PHP: Get the width and height of an image.

In this tutorial, I will be showing you how to get the width and height of an image using PHP. Thankfully, PHP has a handy built-in function called getimagesize, which will do most of the tough work for us.

Let’s look at a simple example:

//The path and filename of our image.
$imagePath = 'image.png';

//Use getimagesize to get size info about the image.
$sizeInfo = getimagesize($imagePath);

//Check to see if it was successful.
if($sizeInfo === false){
    //Throw an exception if the function failed.
    throw new Exception('Could not get image size of: ' . $imagePath);

//var_dump the array that getimagesize returned.

In the code snippet above:

  • We specified the path to our image file. In this case, the code assumes that the file is in the same directory as our PHP script. If it is in a different location, you will need to specify the full or relative path.
  • We retrieved the size of the image using the function getimagesize. This function will return an array or a boolean FALSE value on failure.
  • After that, we check to see if the function has failed or not. If it fails, we throw an Exception.
  • If the function was successful, we var_dump the array that was returned so that we can get a better look at its structure.

Getting the dimensions.

In my case, the array looked like this:

getimagesize PHP

As you can see, there are six elements in the array:

  • 0: This is the width of the image in pixels.
  • 1: This is the height of the image in pixels.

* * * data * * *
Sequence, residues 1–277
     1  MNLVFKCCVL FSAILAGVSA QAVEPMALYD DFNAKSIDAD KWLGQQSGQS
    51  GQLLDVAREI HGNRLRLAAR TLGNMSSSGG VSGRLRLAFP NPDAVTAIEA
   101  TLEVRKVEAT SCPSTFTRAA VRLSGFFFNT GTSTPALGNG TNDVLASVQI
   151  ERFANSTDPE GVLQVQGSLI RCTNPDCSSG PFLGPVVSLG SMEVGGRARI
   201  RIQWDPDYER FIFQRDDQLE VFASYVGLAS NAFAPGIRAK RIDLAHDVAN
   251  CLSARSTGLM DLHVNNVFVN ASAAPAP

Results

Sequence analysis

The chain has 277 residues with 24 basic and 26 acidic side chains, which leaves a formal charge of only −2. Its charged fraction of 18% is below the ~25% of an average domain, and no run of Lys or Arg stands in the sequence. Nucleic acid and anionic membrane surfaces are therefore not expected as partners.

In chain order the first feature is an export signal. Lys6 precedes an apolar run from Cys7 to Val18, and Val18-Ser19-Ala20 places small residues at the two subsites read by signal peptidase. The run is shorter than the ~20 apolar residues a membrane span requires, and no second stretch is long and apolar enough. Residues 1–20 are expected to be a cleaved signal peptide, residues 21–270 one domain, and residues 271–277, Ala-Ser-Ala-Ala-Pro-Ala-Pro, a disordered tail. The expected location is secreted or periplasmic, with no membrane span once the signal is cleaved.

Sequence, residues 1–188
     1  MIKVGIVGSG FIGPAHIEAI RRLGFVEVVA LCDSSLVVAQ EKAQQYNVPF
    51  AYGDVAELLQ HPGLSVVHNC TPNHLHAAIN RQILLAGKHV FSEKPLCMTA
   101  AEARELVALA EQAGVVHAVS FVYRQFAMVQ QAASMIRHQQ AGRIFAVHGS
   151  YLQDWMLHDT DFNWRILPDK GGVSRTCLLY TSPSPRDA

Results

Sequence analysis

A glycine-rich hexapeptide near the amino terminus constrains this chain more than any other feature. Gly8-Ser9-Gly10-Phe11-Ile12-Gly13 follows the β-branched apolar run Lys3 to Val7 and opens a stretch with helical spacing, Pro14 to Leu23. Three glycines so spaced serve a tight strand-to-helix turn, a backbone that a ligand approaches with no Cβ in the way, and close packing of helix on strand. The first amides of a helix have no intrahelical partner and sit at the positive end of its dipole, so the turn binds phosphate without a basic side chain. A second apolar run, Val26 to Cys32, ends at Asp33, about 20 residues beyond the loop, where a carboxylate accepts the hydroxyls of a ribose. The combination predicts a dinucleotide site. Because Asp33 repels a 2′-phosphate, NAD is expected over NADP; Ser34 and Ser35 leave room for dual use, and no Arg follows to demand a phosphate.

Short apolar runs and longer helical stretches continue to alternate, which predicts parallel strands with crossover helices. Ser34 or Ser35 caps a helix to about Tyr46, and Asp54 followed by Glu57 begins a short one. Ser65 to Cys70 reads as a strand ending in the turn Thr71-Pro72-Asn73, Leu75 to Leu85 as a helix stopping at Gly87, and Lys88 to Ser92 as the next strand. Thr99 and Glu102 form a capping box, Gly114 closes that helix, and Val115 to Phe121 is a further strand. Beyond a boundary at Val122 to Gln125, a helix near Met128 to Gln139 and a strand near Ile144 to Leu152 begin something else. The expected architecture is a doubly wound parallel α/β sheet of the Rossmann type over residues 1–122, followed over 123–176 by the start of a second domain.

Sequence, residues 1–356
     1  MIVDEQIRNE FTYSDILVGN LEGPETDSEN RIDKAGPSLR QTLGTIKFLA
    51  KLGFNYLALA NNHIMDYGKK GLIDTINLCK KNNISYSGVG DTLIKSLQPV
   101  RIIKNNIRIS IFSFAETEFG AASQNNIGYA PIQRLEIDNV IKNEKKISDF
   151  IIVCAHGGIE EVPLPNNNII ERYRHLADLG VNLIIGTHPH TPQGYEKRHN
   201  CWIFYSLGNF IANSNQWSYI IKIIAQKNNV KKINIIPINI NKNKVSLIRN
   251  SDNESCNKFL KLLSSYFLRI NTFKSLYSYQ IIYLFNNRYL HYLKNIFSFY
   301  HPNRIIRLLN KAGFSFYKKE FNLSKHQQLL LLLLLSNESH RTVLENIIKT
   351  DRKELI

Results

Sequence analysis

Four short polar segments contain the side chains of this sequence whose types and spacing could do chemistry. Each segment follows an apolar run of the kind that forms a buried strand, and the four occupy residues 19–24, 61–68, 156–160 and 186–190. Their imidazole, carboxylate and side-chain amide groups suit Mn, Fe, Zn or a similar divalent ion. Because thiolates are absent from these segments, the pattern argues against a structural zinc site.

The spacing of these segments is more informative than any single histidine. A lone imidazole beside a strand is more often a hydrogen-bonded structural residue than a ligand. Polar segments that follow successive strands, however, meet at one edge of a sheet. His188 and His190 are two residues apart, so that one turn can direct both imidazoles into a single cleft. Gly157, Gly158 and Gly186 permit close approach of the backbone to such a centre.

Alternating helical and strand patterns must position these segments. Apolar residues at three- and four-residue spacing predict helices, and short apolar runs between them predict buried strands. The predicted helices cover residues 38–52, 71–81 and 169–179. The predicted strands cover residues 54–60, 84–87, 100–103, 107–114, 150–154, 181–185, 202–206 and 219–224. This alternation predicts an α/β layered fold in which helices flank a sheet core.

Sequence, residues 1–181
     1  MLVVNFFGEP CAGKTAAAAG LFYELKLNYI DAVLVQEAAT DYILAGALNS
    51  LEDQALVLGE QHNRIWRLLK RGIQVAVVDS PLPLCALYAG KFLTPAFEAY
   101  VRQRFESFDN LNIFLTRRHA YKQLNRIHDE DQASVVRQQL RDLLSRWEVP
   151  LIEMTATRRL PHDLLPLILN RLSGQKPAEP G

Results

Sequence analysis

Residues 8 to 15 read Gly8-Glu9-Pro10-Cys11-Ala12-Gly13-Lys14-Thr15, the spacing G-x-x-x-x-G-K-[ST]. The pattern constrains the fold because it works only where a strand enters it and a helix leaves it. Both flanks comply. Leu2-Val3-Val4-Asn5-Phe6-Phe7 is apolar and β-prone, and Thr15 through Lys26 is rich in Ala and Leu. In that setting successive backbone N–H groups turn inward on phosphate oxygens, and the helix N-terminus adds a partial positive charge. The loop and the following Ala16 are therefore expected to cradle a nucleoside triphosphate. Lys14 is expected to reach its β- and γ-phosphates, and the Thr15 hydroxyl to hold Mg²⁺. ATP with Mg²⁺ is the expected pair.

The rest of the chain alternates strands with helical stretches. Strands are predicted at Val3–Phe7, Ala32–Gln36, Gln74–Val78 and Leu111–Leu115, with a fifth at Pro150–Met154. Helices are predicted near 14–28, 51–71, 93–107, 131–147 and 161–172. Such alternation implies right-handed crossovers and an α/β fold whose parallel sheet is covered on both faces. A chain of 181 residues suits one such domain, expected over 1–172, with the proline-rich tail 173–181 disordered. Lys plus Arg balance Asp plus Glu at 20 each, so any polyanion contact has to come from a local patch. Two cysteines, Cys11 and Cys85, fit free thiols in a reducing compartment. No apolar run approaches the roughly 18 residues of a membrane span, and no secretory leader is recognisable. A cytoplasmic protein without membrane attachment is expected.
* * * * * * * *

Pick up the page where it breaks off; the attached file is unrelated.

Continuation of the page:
• 2: An integer value that tells us what type of image it is. The integer in question corresponds to one of the IMAGETYPE_* constants. In the case above, the type of image corresponds to IMAGETYPE_PNG (3). Similarly, if it were a JPEG, this element would contain 2, which corresponds to IMAGETYPE_JPEG.
  • 3: This is a HTML string that contains the inline width and height of the image. To be honest, this isn’t really that useful as we can build the string ourselves using the dimensions in the first two elements.
  • bits: The number of bits for each color.
  • mime: The mime type of the image.

Taking the above information into account, you can print out the dimensions of the image like so:

//Printing out width X height.
echo $sizeInfo[0] . ' X ' . $sizeInfo[1];

In my case, PHP printed out “272 X 92” onto the page.

WebP files.

Support for Google’s WebP format was not added until PHP version 7.1. As a result, the getimagesize function will return a boolean FALSE value if you are using an earlier version than that.

ico files.

Furthermore, .ico files may also fail as PHP only added support for icon files version 5.3.

Can getimagesize be used to validate image files?

This is not recommended, as the getimagesize function does not attempt to validate the format of the image. In the past, I have come across examples that showed how a GIF file containing PHP code was accepted by the function.

Failed to open stream.

If you receive a “failed to open stream” warning, then it means that geimagesize was unable to locate the file that you gave it. To fix this, you will need to make sure that the path you specified is correct.